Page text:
As urbanization took place, underground tunnels constructed by badgers became an increasing problem. Additionally, their homes, or badger setts were also cohabited by foxes, rabbits, rats, weasels and other vermin. So badgers were the elusive prey several breeds of terriers were bred to hunt.
The Badger Sett
Setts that had existed for generations of badgers grew to cover huge areas in both in width and depth. Every four feet or so there was junction where the sett branched in two or more directions. These lead to chambers in which the badger slept on a bed of moss or, grass or leaves. Often there were several beds in the same sett. The setts could also be in layers, where foxes, rabbits and other underground creatures lived. These might be on different levels, for example rabbits as well as badgers on the top layer, and badgers and foxes below in a second or even third layers below.
Digging out the Badger
"I know of one locality on the Quantocks where the holes occupy an area of woodland approximately one acre in extent...more than 50 holes were counted... the breeding chambers are often situated under roots of a tree or some large stone or boulder. The badgers would remove some of the earth from above the roots or stone, and on this platform one of the adults would lie with its face towards the entrance. It is this impregnable position it could can drop on any intruder".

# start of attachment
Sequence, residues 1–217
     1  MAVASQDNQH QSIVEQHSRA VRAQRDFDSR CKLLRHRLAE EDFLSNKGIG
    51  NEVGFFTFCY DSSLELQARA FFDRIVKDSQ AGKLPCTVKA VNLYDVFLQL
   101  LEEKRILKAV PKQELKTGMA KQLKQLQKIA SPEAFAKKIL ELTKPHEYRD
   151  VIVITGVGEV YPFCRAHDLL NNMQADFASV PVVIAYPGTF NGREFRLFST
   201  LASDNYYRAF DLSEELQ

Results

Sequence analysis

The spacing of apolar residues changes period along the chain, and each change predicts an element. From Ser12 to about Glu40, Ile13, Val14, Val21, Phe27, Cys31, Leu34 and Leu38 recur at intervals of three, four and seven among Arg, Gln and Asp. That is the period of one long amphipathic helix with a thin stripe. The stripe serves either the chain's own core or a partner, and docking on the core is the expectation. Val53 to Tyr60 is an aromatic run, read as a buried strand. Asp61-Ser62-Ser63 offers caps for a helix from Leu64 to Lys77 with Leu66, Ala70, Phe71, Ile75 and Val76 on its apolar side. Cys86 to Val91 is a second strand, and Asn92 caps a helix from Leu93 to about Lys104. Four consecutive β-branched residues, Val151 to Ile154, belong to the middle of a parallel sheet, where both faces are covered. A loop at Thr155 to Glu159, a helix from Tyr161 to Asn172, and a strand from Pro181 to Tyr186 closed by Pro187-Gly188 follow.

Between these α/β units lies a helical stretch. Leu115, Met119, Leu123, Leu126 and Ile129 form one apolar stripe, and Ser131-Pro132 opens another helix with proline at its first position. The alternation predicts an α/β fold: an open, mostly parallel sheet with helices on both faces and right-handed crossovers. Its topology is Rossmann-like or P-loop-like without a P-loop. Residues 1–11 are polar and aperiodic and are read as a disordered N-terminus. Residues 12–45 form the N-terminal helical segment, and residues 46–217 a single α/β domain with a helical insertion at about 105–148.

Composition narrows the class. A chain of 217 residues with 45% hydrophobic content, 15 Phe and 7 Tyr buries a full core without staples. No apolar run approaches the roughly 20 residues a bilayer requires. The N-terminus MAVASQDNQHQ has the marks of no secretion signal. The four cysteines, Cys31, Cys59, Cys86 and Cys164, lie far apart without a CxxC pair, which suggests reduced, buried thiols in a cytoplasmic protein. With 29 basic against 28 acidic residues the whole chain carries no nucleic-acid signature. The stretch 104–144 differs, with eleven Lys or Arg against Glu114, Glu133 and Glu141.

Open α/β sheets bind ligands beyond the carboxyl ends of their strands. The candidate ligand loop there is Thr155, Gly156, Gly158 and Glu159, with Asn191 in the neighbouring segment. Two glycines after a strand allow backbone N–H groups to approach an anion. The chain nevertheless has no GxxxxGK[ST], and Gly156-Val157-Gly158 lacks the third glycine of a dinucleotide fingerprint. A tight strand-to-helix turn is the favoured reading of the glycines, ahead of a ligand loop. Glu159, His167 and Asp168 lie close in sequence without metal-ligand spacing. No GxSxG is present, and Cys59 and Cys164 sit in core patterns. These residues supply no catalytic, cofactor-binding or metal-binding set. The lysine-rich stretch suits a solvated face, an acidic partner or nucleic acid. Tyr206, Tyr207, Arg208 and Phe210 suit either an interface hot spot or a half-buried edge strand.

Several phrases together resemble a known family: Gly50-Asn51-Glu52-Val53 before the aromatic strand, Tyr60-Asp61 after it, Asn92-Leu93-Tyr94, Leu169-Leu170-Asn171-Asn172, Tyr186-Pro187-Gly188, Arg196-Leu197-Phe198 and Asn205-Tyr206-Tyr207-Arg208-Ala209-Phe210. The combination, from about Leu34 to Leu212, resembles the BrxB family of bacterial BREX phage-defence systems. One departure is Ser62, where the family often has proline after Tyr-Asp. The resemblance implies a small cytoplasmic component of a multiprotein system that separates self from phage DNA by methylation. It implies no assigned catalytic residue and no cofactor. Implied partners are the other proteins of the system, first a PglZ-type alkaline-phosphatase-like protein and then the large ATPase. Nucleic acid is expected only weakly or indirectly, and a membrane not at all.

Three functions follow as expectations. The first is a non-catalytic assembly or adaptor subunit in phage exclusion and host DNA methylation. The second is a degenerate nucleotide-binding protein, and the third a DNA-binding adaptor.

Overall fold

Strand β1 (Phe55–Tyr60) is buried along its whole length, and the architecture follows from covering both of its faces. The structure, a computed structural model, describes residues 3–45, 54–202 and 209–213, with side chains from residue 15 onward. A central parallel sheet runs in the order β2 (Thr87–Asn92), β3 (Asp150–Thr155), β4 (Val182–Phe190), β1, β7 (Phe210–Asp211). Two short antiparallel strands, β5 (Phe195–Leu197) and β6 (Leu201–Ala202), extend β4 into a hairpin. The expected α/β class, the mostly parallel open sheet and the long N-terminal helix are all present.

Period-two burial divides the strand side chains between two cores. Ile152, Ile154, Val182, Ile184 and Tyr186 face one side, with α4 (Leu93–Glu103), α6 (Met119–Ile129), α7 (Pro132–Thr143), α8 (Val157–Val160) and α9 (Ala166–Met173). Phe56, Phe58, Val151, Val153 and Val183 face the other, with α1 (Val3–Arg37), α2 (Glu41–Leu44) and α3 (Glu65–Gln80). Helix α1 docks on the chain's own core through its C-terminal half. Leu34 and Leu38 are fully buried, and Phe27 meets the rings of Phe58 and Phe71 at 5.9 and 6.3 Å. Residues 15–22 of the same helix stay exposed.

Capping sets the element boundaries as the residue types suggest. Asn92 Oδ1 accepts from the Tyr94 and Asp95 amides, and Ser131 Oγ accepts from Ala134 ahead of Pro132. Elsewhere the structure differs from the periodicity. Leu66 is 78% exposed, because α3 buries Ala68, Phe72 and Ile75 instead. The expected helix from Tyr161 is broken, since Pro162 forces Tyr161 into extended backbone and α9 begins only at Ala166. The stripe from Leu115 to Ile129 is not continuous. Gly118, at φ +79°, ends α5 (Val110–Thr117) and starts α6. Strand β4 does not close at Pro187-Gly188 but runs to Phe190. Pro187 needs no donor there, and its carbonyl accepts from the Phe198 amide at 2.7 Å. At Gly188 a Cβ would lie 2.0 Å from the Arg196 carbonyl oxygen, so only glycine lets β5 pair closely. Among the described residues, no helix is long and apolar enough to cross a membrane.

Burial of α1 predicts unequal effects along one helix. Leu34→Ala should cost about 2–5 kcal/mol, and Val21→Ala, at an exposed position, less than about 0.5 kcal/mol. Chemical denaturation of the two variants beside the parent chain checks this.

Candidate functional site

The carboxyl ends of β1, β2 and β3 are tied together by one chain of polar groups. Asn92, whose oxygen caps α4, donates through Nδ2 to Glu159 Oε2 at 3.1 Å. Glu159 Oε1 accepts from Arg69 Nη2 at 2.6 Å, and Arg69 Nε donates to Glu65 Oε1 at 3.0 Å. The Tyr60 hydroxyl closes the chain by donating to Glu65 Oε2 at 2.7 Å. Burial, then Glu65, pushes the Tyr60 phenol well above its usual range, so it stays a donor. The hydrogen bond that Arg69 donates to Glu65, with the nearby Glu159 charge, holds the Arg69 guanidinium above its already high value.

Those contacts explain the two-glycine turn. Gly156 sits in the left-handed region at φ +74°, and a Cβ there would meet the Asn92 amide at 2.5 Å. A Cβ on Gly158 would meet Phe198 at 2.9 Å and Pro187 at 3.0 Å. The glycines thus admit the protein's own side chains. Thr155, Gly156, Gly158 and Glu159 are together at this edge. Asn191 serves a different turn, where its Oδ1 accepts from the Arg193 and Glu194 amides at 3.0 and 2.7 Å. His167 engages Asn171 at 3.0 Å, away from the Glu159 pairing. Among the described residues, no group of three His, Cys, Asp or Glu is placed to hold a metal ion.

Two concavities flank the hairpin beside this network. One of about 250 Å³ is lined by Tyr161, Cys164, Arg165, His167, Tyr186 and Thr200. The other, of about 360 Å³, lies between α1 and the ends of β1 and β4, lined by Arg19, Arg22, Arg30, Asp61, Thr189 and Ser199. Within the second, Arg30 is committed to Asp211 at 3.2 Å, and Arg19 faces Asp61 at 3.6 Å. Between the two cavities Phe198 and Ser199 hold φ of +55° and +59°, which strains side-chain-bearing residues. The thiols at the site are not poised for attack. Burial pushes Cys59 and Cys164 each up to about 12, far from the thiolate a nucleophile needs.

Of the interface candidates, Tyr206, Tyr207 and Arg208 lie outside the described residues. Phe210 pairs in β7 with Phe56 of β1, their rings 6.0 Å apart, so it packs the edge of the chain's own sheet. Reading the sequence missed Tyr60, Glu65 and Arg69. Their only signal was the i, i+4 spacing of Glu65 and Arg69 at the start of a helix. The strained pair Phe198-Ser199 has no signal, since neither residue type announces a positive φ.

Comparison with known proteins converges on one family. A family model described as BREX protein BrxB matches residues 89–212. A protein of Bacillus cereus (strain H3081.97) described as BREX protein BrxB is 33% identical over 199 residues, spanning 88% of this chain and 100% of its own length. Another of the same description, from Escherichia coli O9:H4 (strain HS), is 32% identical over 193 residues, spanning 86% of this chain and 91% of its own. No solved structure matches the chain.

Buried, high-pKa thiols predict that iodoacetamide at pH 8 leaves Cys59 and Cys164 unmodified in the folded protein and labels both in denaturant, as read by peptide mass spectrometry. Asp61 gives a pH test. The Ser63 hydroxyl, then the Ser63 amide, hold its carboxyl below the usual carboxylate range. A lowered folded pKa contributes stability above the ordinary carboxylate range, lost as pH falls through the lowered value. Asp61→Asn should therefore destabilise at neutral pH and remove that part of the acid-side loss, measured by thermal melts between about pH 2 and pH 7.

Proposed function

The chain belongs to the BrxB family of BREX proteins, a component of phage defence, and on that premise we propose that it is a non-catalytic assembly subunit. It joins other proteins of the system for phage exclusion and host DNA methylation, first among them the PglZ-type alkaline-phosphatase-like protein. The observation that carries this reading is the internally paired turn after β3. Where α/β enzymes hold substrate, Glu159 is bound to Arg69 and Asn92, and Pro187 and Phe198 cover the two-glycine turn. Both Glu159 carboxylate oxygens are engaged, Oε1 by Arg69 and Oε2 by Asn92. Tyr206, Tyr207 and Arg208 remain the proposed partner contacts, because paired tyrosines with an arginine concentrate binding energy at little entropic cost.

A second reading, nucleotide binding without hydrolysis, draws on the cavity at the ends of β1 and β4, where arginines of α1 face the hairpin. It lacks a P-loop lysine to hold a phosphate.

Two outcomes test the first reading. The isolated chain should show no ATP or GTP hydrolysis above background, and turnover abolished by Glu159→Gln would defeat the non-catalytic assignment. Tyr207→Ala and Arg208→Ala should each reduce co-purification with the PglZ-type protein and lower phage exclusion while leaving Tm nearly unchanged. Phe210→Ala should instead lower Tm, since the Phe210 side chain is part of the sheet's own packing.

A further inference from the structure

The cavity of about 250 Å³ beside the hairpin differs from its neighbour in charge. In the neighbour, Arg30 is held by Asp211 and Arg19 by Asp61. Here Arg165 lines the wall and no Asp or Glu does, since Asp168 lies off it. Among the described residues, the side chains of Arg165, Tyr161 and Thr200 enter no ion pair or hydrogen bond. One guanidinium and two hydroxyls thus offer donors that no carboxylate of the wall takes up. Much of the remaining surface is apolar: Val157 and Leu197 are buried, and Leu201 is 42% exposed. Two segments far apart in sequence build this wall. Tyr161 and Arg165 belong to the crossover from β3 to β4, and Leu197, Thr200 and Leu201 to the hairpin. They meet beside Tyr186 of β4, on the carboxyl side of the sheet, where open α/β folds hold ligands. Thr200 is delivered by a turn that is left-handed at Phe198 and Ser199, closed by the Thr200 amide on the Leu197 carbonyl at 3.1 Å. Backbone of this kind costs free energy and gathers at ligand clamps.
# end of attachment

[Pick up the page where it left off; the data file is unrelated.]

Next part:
The Badger Dig
As badgers are nocturnal, they are difficult to spot and even more difficult to catch. With an adult weighing up to 40 pounds, and possessing very large claws and teeth, not only did it require an extremely plucky terrier to face them, the terrier had to have the correct short legged construction to enable it to dig. He must also possess a rare blend of courage and intelligence to weave his way through dark, cold and damp passages relying almost entirely on his sense of smell and sound.
Bagging the Badger
The normal procedure was to find the sett occupied by a badger and send in a terrier. The dog was trained to find the badger but keep its distance. If it approached too near it could get badly mauled or killed. Its job was to prevent the badger from digging away. So if the badger turned to dig, the terrier would leap on it and give it a nip. This would make the badger turn again so the terrier would retreat. This often continued for some hours, while the diggers excavated the tunnels in the direction of the yelps of the terrier. When close enough, badger tongs would be used to drag the badger out. It would then be dispatched by putting it in a sack so it could be transferred to another district and released.
References and Further Reading
 Captain Jocelyn Lucas, 'The Sealyham Terrier' Pub. M.C. T.H.Crumbie Ltd, Halford Street, Leister UK 1922 'Badger Digging' Page 69
 Ernest Leal 'The Badger' Pub Penguin Books Ltd New Naturalist Monograph series 1948 Page Chapter 12 'Badger Sets and Life Underground' Pages 146 - 148